We are delighted to announce that recently, CRIBB Cyber Security sailed through its 3-year Gold IASME Governance (with Cyber Essentials & GDPR) audit, thus ensuring the highest levels of compliance with this most renowned of organisations. Today, we take a closer look at this CRIBB IASME Gold audit success and the IASME Consortium. We also ponder exactly what this latest achievement means for us and for our many clients…

Who are CRIBB Cyber Security?

We are part of theICEway ecosystem of companies. The experts at CRIBB help clients in Healthcare, Cruise and Travel with their cyber security needs. We adopt a ‘security by design’ approach wherever possible. Our goal then is to ensure that you have all the required frameworks in place to attain compliance in this technologically advanced world. Digital transformation in cruise in particular has enabled our cyber security professionals to hone their skills. They then fuse them together with a constantly evolving understanding of what it takes to be truly cyber resilient.

Cyber-attacks have been growing in both number and type. It is our job to assist our clients in the detection and prevention of these, with the following being perhaps the most common (listed alphabetically):

Data leakage

When sensitive data is exposed, cyber-criminals have the ability to gain access without a great deal of effort. This exposure can be physical, for example through leaked documents, or it can happen on the internet or via devices or other computer hardware.


The process whereby hackers target passwords and codes to access computer systems, in an effort to gain access to sensitive data.

Insider threat

A malicious threat to the inside information held by a company from people within, such as employees or former employees, business associates or contractors.


A social engineering attack that is often used to obtain data such as login credentials or credit card numbers. When an attacker adopts a phishing technique, they generally pretend to be a trusted figure in order to trick victims into opening emails or messages.


A form of malware in which malicious software is used to infect a computer or system, with messages displayed demanding a fee be paid so that the system will work again. A criminal moneymaking scheme, ransomware can be installed via links on websites, in emails or in messages.

See our ‘Top Tips’ below for some pointers on how to avoid falling victim to such attacks!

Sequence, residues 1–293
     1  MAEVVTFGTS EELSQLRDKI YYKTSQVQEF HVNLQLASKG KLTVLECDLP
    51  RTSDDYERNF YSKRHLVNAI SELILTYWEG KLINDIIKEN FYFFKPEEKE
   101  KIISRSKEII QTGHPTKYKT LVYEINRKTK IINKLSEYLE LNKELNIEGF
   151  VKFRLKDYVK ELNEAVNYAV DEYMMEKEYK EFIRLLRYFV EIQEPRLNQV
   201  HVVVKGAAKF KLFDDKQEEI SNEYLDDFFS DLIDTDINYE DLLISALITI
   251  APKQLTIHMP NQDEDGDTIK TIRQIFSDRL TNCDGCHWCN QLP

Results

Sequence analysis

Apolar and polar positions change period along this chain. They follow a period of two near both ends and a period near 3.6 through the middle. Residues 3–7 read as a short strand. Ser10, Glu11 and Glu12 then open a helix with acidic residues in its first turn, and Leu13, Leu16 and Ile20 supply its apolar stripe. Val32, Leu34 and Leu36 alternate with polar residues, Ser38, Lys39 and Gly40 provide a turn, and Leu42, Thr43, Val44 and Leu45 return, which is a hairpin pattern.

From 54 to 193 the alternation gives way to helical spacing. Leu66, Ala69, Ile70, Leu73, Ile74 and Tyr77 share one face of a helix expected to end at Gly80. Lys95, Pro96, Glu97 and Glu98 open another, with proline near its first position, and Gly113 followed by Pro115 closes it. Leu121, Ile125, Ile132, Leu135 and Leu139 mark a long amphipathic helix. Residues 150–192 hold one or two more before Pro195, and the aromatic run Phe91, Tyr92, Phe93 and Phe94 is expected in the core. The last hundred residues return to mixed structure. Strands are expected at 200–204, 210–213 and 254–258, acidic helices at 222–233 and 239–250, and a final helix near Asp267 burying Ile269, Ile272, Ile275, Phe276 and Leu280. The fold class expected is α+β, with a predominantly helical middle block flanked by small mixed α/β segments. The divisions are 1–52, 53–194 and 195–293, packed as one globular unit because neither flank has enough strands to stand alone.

Who are IASME?

Much like CRIBB, IASME is a cyber security organisation that is dedicated towards ensuring the safety of individuals and businesses against all forms of cyber-attack.

Founded on the principle that a basic level of cyber security was essential in all supply chains, IASME began with the creation of the IASME Governance standard as an alternative to ISO27001 for small companies. This was born out of a UK Government funded project, and when the Government ran a ‘call for evidence’ to unveil the best governance standard for all companies in 2013, the IASME Governance standard was considered the best standard for small organisations out of the 26 that were in the running.

As a result of this, IASME was then invited to help write Cyber Essentials and became one of two pilot Accreditation Bodies to develop it further. After more than 5 years and following a commercial tender process, the NCSC selected IASME to become their sole partner as of April 2020, taking full responsibility for the delivery of Cyber Essentials.

What is the 3-year Gold IASME Governance (with Cyber Essentials & GDPR) audit?

Simply put, this is IASME’s highest level of certification. It provides assurance that your level of cyber security has been audited by a highly skilled, independent third-party.

The audit typically involves interviews with staff and a review of all documents and system configuration. The auditor often visits an office to ensure that a robust level of security is present across the entire business.


ISO27001 – An information security standard

Cyber Essentials – A UK government scheme with five basic security controls in place. These controls are designed to protect companies against ~80% of common cyber-attacks:

1. Use a firewall

2. Use secure settings for software & devices

3. Control access levels

4. Protect yourself against viruses

5. Keep software & devices up to date

NCSC – The National Cyber Security Council

Top Tip

As we have seen, there are many forms of cyber-attack. By following some very simple rules, you can then markedly improve your defences:

  • Beware of phishing (do not open unknown emails or links)
  • Implement a robust password policy across the entire organisation
  • Implement firewall protection in all offices and at home (remote working)